Confessions of a Quality Manager  

Being the adventures of four jet-setting quality consultants who like to talk shop even more than they like good food and drink.

This is fantasy consulting. For the real thing, go to Fell Services' Quality pages.

Today, Belvis de la Jara joined the exclusive but larger than it should be club of places, like Lockerbie or New Delhi, who were quite happy to mind their own business – until an airplane fell on top of them. DA6, one of the very few operational Eurofighter planes, crashed. Specifically, both engines appear to have failed simultaneously – what Bob Shaw, in his pre-SF writing aviation industry PR days, would have been told to describe as “developing negative lift”. The pilots managed to glide the plane away from massively populated areas and ejected to safety (the first garbled reports I heard, about half an hour after it happened, was that they had jumped out).

The only good thing to come out of the whole business was the lack of casualties. No one who was at Ramstein in 1988 will ever forget the moments after the three Frecci Tricolori fighter jets collided in mid air and one fell into the crowd. It wasn’t just the way everyone rushed off in all directions, then rushed back and got in the way of the rescue personnel: it wasn’t even the lack of first aid materials – the four first aid stations were very lightly equipped. Damn it, it wasn’t even the way people were shifted from one hospital to another in a desperate attempt to match the injured to the skilled resources. It was the charred bodies, which the firemen had to carry away, it was the inability to forget those sights and to find them invading dreams for months and years afterwards.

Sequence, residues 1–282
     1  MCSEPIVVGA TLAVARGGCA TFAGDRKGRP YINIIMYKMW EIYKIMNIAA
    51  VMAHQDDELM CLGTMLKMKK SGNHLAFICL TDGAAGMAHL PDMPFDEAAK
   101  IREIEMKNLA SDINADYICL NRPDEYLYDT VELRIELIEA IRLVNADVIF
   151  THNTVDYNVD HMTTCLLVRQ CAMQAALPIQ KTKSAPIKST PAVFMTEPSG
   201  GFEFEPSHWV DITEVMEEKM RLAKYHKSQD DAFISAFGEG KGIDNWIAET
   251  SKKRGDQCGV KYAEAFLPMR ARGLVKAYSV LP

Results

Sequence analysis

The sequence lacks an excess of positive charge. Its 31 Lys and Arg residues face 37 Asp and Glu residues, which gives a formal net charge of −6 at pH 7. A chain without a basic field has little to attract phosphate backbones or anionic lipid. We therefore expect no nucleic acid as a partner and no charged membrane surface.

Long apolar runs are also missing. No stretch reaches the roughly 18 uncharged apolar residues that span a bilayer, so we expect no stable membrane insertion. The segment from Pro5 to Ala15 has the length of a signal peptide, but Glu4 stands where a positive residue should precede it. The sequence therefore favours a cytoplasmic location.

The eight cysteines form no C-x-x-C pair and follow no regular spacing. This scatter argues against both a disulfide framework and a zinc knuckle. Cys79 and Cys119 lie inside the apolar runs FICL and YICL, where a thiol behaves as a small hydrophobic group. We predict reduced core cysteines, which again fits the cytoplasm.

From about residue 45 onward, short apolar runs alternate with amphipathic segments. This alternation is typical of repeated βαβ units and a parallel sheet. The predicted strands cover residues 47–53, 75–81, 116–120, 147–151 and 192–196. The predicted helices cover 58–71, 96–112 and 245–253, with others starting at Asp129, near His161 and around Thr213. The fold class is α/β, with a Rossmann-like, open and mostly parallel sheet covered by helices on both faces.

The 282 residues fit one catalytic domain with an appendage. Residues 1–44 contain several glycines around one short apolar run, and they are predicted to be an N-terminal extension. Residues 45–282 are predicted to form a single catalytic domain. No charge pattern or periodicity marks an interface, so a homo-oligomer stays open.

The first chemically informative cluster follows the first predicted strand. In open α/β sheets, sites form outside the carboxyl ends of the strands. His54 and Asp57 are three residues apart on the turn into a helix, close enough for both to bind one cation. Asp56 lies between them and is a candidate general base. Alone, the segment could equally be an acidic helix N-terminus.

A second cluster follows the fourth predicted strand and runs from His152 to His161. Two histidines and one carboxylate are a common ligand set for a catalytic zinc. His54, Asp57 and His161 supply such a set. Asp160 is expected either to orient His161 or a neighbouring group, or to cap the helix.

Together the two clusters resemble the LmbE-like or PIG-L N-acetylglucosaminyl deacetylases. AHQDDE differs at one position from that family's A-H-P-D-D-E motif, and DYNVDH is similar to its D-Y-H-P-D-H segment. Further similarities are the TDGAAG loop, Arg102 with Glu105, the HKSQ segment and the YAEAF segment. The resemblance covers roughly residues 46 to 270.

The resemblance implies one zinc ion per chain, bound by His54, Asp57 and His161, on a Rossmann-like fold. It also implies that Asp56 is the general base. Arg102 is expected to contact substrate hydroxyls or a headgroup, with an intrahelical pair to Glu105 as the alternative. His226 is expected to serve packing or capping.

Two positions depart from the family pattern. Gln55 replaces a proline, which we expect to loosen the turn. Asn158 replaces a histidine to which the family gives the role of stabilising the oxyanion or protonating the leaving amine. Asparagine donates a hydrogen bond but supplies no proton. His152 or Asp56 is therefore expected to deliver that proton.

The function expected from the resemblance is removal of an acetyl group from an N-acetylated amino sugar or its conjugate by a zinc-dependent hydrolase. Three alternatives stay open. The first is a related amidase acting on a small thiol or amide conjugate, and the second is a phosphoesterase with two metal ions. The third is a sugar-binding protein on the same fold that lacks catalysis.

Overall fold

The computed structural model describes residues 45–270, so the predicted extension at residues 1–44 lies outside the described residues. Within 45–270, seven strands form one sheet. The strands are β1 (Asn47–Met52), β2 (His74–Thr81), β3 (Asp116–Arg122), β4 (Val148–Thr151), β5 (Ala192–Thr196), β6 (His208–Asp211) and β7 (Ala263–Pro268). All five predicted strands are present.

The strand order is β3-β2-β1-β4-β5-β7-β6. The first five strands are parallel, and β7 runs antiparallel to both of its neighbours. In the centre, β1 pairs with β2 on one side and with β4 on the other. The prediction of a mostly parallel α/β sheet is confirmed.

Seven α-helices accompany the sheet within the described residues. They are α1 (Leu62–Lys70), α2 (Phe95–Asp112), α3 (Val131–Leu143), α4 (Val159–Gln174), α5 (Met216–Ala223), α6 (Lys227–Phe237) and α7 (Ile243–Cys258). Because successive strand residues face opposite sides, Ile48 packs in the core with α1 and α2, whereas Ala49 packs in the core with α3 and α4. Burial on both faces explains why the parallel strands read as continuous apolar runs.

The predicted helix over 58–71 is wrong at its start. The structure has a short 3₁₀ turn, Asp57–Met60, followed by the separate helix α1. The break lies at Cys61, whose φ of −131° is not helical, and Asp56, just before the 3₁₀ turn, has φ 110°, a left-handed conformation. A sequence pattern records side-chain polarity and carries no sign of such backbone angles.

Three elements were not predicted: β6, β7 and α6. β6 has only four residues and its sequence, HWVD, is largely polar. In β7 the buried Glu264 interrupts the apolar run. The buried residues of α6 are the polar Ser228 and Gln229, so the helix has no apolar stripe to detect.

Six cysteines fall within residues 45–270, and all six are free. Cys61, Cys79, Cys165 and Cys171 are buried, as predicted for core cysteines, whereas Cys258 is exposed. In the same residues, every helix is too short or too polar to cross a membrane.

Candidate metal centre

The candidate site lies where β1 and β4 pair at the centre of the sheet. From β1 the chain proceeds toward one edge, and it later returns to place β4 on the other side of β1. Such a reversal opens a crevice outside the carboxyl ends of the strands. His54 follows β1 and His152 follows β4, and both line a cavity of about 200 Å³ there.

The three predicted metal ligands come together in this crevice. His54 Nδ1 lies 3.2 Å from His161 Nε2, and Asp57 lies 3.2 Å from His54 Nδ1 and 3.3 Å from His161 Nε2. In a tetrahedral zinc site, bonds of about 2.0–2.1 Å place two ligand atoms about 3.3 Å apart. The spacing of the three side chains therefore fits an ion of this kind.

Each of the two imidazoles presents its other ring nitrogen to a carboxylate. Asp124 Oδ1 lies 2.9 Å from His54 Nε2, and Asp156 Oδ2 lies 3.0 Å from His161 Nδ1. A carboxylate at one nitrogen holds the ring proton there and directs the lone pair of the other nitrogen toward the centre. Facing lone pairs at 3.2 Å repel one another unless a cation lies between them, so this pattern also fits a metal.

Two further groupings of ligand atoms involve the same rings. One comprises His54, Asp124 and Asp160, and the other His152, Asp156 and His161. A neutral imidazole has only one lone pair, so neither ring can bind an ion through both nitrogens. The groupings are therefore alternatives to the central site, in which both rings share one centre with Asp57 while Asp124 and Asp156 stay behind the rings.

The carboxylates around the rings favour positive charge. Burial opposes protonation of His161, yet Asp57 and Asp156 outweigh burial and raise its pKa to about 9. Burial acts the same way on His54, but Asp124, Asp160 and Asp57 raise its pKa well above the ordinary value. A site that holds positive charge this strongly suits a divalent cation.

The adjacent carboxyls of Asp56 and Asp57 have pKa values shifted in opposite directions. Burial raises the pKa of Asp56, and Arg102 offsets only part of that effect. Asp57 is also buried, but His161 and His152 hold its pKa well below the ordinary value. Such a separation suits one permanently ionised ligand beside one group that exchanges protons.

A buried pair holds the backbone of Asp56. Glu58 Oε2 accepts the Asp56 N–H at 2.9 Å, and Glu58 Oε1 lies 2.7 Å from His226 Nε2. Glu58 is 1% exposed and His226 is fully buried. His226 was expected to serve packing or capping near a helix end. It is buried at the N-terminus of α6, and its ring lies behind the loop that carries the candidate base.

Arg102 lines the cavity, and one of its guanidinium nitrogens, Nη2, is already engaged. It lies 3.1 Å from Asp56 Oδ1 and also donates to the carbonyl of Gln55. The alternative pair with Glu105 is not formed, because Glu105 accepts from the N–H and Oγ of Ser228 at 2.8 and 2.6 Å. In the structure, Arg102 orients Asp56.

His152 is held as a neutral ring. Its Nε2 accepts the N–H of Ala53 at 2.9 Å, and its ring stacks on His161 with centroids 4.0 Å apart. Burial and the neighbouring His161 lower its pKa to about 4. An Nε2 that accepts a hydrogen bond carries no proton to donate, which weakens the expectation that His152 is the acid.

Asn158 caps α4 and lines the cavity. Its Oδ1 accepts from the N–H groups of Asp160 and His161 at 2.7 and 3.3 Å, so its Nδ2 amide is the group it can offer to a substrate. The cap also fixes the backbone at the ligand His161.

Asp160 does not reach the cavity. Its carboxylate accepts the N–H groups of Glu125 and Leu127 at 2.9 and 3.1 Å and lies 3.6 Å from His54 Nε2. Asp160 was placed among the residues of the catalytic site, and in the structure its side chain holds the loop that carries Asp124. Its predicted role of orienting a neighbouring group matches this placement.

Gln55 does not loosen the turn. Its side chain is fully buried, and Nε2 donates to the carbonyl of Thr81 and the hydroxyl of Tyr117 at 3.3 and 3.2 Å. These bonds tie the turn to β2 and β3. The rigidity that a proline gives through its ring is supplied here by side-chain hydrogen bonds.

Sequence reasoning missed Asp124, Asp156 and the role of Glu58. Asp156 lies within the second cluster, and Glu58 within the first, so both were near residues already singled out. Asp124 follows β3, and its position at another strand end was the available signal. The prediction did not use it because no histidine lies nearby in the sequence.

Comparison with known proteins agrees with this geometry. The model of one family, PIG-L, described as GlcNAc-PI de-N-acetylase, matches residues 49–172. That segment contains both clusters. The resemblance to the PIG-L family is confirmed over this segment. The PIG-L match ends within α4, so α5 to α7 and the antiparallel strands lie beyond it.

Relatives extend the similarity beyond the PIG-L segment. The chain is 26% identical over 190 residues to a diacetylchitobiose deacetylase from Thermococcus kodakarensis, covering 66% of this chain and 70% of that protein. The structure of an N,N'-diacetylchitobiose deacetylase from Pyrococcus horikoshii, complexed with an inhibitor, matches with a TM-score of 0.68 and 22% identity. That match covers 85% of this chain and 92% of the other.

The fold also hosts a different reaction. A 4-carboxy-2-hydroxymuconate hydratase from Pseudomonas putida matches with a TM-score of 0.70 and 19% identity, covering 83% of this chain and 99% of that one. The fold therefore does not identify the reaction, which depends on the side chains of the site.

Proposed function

The 2002 Lviv Air Show would come a close second. It was a nice day: people were pressing up against both sides of the runway to see the Sukhoi SU-27 doing acrobatics. In hindsight, they were closer than would have been permitted anywhere else. And it should have been borne in mind that Ukranian pilots get about twenty hours flight time per year, as opposed to ten times that in NATO air flights and that the Ukrainian airforce was desperately short of spares. So what happened was the Sukhoi going up in a huge ball of flame and 66 people dying, including 19 children. They were just lying, sprawled, on the ground, cut down like grass, parts of their body scattered and random.

This piece isn’t going anywhere: it’s not intended to. I’m just sitting at the keyboard, numb with horror that the beautiful plane, whose photo sits next to the computer (thinks: most people have pictures of human loved ones, I have the planes) … that plane, photographed flying above some furry German bogs, which I look at every time I turn away from the screen, is lying in a thousand shards of jagged metal, being pored over by accident investigators. And I’m just sitting here, doing nothing useful, typing, staring, typing, staring, staring, staring, staring. Because I'm so sad and so angry that I can't think of anything more constructive to do.

  posted by Dovya R @ 10:42 PM : discuss

Thursday, November 21, 2002  
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